The Rosie Project by Graeme Simsion, Another Ipusnas' Gem

Apologize for sounding overproud, but finishing the famous The Rosie Project by Graeme Simsion as my fourth read this month in such a short span of time has obviously sent me over the moon. Truth to be told, I have actually read more than four so far (surprise!), though some I didn't write a review of were purely for refreshing purposesI'm afraid I must shamefully admit that I skimmed through most of them.

The Rosie Project follows the story of Don Tillman, a genius who is also an Associate Professor of genetics at the University of Melbourne. It might have not been mentioned explicitly, but I assume that Don suffers from Asperger syndrome even though he himself doesn't realize it. However, Don notices that he is different: he does everything according to his timetable, has no social skills whatsoever, and in addition to having a daily meal menu that rotates exactly the same every week, he keeps all his meal preparation based on days also.

Don believes that he's not made to mate, but since his old neighbor Daphne once told him that he would be a great husband, Don chooses to believe her. That's why he comes up with the idea of The Wife Project which includes a questionnaire with dozens of specific questions regarding the candidates' lifestyle. Seeing this, Gene and Claudia, his best friends, decide to rescue him by sending him over a woman named Rosie. Rosie is different as well as beautiful though she's clearly not a potential candidate for a wifeshe smokes, drinks alcohol, wears makeup, dyes her hair red, and many other qualities Don doesn't want his soon-to-be-wife possessesso it strikes him as odd that all of a sudden Don finds himself helping Rosie with her own project in trying to find her biological father.

The Rosie Project shared a lot of funny and romantic moments, and even though they didn't exactly make me go, "Aw" the whole time, I got some good laughs overall. As a rom-com, dare I say this book was definitely It. Told from Don's perspective, I found some parts of this book a little bit difficult to understand though the narrative was all in all unique and well-written.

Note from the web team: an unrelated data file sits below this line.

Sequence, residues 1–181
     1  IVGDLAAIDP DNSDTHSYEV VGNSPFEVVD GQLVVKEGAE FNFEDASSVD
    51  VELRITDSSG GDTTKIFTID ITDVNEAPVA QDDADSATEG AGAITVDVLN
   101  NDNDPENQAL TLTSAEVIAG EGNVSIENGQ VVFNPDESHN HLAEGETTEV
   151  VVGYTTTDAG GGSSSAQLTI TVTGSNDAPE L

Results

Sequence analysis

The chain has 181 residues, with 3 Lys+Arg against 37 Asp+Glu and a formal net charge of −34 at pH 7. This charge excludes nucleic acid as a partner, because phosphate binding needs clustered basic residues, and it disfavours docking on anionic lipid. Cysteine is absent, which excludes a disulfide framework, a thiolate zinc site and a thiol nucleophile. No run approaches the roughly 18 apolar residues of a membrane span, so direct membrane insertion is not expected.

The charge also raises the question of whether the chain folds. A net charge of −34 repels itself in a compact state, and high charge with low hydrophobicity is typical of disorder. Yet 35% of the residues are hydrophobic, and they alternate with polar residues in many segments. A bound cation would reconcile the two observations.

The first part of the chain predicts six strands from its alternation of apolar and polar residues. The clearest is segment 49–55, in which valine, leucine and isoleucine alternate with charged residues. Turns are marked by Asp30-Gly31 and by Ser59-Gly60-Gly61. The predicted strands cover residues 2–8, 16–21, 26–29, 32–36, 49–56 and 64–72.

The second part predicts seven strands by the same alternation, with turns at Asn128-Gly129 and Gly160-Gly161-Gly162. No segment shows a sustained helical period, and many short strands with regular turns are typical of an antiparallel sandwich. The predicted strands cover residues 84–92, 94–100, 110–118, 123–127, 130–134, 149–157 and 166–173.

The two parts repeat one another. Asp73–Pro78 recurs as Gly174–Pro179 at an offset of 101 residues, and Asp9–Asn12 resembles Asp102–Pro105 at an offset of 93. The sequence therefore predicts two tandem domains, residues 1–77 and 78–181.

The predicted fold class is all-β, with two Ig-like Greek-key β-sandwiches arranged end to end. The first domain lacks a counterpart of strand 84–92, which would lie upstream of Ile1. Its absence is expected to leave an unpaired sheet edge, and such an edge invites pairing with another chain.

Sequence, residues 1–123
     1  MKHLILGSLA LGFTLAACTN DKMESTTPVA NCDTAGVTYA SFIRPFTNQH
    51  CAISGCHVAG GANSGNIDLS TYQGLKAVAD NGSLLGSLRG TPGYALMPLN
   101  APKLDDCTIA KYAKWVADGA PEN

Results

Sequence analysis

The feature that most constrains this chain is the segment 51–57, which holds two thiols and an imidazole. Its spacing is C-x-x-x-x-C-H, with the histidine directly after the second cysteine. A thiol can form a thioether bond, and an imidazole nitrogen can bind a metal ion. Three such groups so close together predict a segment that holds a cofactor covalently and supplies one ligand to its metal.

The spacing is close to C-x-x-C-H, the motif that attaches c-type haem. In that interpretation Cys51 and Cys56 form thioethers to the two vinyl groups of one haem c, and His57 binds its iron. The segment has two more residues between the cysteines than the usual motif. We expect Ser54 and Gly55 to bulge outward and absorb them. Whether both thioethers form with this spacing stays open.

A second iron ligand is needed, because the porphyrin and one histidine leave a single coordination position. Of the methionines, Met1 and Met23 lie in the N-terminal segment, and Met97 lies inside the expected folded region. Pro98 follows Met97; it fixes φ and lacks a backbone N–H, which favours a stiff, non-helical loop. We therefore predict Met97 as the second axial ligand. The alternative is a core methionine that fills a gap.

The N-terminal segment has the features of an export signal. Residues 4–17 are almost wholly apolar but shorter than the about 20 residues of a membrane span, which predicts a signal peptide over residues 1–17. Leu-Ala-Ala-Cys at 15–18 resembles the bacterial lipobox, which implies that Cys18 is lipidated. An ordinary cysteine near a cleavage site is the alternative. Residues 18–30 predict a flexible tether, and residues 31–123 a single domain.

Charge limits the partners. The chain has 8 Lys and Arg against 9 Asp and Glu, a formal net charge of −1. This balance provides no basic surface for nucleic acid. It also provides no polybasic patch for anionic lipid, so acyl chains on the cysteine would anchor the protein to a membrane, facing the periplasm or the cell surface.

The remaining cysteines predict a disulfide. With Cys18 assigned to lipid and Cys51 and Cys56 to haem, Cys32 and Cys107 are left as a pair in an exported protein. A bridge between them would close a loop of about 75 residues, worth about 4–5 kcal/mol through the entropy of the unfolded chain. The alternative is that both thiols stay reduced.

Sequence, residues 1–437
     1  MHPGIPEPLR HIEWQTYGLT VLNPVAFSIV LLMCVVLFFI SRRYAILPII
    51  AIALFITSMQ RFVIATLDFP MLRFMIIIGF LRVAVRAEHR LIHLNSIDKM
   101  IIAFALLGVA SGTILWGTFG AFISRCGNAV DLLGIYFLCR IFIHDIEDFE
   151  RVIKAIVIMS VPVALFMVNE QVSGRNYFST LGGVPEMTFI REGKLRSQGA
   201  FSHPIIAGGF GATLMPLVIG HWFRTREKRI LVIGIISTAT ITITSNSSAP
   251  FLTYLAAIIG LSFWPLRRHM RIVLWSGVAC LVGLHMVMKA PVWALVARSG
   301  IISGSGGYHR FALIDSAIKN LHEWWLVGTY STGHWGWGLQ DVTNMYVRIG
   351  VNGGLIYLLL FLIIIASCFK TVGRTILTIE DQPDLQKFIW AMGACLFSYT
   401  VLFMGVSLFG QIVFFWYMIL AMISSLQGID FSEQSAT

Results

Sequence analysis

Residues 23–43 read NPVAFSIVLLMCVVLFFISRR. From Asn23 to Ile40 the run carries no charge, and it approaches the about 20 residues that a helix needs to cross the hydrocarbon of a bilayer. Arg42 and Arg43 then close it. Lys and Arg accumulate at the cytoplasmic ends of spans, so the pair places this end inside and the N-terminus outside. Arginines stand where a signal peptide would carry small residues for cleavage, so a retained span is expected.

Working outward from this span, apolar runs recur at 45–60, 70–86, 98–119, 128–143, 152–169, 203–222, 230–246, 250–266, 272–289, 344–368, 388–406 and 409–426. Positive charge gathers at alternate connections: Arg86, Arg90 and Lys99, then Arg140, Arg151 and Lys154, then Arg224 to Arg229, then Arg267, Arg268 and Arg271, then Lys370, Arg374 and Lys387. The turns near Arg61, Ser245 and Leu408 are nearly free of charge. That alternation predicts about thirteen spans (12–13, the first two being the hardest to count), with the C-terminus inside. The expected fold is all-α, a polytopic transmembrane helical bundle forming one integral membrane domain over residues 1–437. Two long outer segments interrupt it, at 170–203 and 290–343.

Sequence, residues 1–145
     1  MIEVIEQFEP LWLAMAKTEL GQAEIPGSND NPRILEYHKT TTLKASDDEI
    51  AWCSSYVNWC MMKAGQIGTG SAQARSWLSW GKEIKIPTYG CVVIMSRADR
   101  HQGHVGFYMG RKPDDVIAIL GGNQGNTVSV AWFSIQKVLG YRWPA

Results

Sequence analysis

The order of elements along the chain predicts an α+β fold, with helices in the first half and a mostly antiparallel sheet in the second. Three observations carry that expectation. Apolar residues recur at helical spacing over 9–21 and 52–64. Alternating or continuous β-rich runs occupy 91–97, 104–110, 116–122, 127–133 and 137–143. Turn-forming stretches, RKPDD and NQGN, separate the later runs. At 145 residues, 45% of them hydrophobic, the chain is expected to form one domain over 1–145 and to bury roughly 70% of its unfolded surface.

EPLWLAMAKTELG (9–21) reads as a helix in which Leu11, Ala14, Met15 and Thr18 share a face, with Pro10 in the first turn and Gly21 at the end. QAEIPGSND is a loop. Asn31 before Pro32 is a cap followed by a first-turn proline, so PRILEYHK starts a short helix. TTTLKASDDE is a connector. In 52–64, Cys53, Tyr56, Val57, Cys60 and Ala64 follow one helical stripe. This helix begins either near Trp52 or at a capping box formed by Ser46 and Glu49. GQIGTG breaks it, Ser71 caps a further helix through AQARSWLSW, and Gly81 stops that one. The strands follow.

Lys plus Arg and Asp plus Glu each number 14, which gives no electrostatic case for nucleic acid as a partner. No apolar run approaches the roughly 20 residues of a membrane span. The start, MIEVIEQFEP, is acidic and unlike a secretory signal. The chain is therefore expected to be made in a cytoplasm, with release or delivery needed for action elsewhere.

I quite liked Don honestly. Despite being different, Don was very clever and also hardworking. His personality reminded me of a friend I used to have in junior high back then. It honestly saddened me to have encountered firsthand how hard it could be for society to accept him for who he was. Therefore, reading about Don's past experience in school and how his character developed throughout the story felt close to me as I consider it very important. I was glad that Don met the admirable Rosie and vice versathey complemented each other so well in my opinion.

Though the plot of this book was mostly predictable, it's still fun to see how Rosie messed Don's schedule up, all the things they had to go through in order to find Rosie's father, and the memories Don shared with Daphne which highlighted his kindness. The friendship between Don, Gene, and Claudia was pretty adorable alsoI loved the fact that they were always there for Don no matter whatthough I honestly had a pretty mixed feeling about Gene. It might have been mentioned throughout the book that Claudia had accepted her open marriage with Gene but I actually got the feeling that Claudia was clueless about his husband's obsession to sleep with a woman from every country, let alone be okay with it.

While The Rosie Project might not be the one that made me laugh a little too hard, I did enjoy it hence managed to finish it in less than two days. Like a bookstagrammer friend of mine once pointed out, the vibes of this book indeed reminded me of the movie Pretty Woman. Both shared a similar vibe as well as a too-good-to-be-true ending, but I found myself pretty satisfied with it regardless, though I didn't think I would pick up the sequel anytime soon. In my mind, they have already lived happily ever after, so I still have yet to decide whether or not I want to know what the future holds for both Don and Rosie.
Actual rating: 3.5